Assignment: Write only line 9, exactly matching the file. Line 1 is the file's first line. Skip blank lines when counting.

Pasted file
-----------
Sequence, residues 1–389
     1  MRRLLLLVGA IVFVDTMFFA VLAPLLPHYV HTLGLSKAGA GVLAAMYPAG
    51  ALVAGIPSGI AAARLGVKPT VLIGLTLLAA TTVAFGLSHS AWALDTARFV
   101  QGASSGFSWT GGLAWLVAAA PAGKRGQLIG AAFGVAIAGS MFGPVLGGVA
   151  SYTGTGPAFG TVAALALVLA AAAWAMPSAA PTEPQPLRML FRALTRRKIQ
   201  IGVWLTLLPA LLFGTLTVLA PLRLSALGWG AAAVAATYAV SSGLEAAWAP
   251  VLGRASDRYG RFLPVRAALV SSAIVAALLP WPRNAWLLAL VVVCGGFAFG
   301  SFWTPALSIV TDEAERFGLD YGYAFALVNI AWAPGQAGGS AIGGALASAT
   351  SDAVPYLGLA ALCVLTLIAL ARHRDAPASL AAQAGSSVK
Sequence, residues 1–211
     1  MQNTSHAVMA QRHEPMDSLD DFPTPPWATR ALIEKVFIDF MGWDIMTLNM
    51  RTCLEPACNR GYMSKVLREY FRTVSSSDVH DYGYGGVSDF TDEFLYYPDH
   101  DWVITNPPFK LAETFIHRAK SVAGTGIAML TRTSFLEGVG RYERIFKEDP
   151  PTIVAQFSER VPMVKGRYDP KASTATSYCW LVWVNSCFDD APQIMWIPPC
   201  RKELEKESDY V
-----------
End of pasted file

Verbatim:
   351  SDAVPYLGLA ALCVLTLIAL ARHRDAPASL AAQAGSSVK